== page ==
What Cuba Can Teach Us About Health Care
Just a morning’s boat ride from the tip of Florida is a place where medical costs are low and doctors plentiful. It’s Cuba, and Stanford University physician Paul Drain says it’s time for the United States to pay attention to our neighbor’s shoestring success.
Despite a 50-year trade embargo by the United States and a post-Soviet collapse in international support, the impoverished nation has developed a world-class health care system. Average life expectancy is 77.5 years, compared to 78.1 years in the
United States, and infant and child mortality rates match or beat our own. There’s one doctor for every 170 people, more than twice the per-capita U.S. average.
Not everything is perfect in Cuba. There are shortages of medicines, bBut it’s still a powerful feat. “In Cuba, a little over $300 per person is spent on health care each year. In the U.S., we’re spending over $7,000 per person,” said Drain, co-author of Caring for the World and an essay published April 29 in Science. “They’re able to achieve great health outcomes on a modest budget.”
With Fidel Castro’s reign as Cuba’s leader ending two years ago, relations with the United States have thawed.
President Obama eased restrictions on travel to Cuba last year, and the oft-introduced Free Trade With Cuba Act finally has a chance of passing Congress. Drain would like the Institutes of Medicine to conduct a full study of the island nation’s success.
“There are so many lessons we might be able to learn from Cuba’s health care and medical education system, but we don’t know too much about it,” said Drain.
Wired.com: How does Cuba keep health care costs so low?
Paul Drain: Partly by keeping physicians’ salaries low. Obviously, given the government they have, they can do that. But they also emphasize primary care and preventive care, addressing diseases and problems before they become major. It’s a very different approach to health care.
In the United States, we essentially do the opposite. We treat diseases when they occur. We’re not very good at the preventive component, which causes the costs of our health system to be much higher.
Wired.com: What are the origins of Cuba’s approach?
Drain: Starting in 1964, they encouraged all medical school graduates to do at least two years of service in a rural area.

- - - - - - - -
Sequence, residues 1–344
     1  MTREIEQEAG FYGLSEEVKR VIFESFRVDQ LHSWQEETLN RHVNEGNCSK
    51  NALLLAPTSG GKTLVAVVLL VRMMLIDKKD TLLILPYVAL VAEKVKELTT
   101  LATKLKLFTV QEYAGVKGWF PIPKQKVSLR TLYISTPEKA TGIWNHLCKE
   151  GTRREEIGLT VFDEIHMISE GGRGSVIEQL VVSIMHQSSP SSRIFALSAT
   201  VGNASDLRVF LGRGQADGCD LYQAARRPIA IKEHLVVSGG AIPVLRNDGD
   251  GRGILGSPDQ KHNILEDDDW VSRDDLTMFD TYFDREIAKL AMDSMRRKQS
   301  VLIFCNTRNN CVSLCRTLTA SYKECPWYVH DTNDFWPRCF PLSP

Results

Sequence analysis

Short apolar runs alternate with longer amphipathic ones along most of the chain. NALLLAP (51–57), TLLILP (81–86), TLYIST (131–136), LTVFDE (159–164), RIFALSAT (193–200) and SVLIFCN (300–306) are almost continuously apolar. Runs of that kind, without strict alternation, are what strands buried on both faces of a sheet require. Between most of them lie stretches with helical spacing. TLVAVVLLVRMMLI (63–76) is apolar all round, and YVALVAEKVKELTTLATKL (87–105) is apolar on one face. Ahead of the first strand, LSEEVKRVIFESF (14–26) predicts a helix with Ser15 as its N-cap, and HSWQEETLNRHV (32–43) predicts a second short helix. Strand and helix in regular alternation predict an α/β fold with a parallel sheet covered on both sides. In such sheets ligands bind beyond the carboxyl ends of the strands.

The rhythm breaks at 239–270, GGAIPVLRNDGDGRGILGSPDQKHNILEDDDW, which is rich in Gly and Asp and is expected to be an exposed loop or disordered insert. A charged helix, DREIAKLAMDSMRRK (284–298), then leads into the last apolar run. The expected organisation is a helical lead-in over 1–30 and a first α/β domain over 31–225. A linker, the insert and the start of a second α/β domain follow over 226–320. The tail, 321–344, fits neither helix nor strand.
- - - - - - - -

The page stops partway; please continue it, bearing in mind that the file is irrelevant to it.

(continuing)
That program became so popular that by the mid-1970s, almost all new physicians were doing rural service. From there, almost all medical graduates were channeled into a three-year family medicine residency. That’s where they do clinical training, making the transition to full doctor from medical student.
Almost all their residents do family medicine. They focus on primary care for all ages. Once everybody learns primary care, about 35 percent go on and specialize. It’s quite the opposite of what we have here.
Wired.com: How so?
Drain: Our medical students choose what they want to do. Only about 7 or 8 percent go into family medicine, which is our primary care system. In Cuba, everyone becomes a primary care doctor. They learn to prevent diseases.
Cuba also provides very good access. In the mid-1980s, they created a system of neighborhood doctors’ clinics. One doctor is responsible for a catchment area of a couple of city blocks. They get to know their patients well. If somebody has a problem, they can see the doctor in the clinic that day.
Wired.com: Could the U.S. government ever mandate a system like that?
Drain: It would be a big leap, but there are smaller steps that could be taken. We’re the only developed country without universal access to a nationalized health care system. Other countries have seen health care as a basic right and insured everybody. Everyone gets primary care. That would be a first step.
I saw someone in my clinic yesterday who hadn’t seen a doctor in 10 years. Her blood pressure was through the roof, and it’s probably been like that for a decade. She’s at tremendous risk for having a stroke or heart problems. If she’d seen somebody back when this started, it could have been controlled. But because of her high blood pressure, who knows what her future medical bills will be like.
If she were in the Cuban system, she would have had a visit scheduled yearly for the last 10 years. If she hadn’t shown up, someone would have gone to her home to see if she was OK. Blood pressure is an easy thing to check. It would have been controlled.
Wired.com: One problem in the United States is the shortage of doctors. How does Cuba train physicians?
Drain: Education is paid by the government, so students don’t have debt. In the United States, medical students come out $200,000 or $300,000 in the hole, which deters them from going into primary care.
Cuban doctors are making a fraction of what we make in the U.S., but most Cubans aren’t going into medicine to earn money. They’re going into it to treat people in their communities.
In 1999, Cuba created a school of medicine for Latin America. They bring students in, train them for six years, give them room and board and a stipend. Afterward the students are required to go home and practice in poorer communities. It’s a remarkable program, with 10,000 students now from 33 countries, and an interesting model for developing health care workers.
Wired.com: Do President Obama’s health reforms move the United States toward what’s seen in Cuba?
Drain: What we’re passing is starting to move us in a better direction. I’m an advocate for universal health care, and there’s still a long way to go. But I think we’ll eventually catch up to our western counterparts, and realize that we’re the only country not providing full equity in terms of accessing health care, and that’s reflected in health outcomes.
When you compare us against most developed countries, we’re near the bottom in most health indicators. Our life expectancy isn’t as good, our infant mortality rates are higher, and we’re spending twice as much money.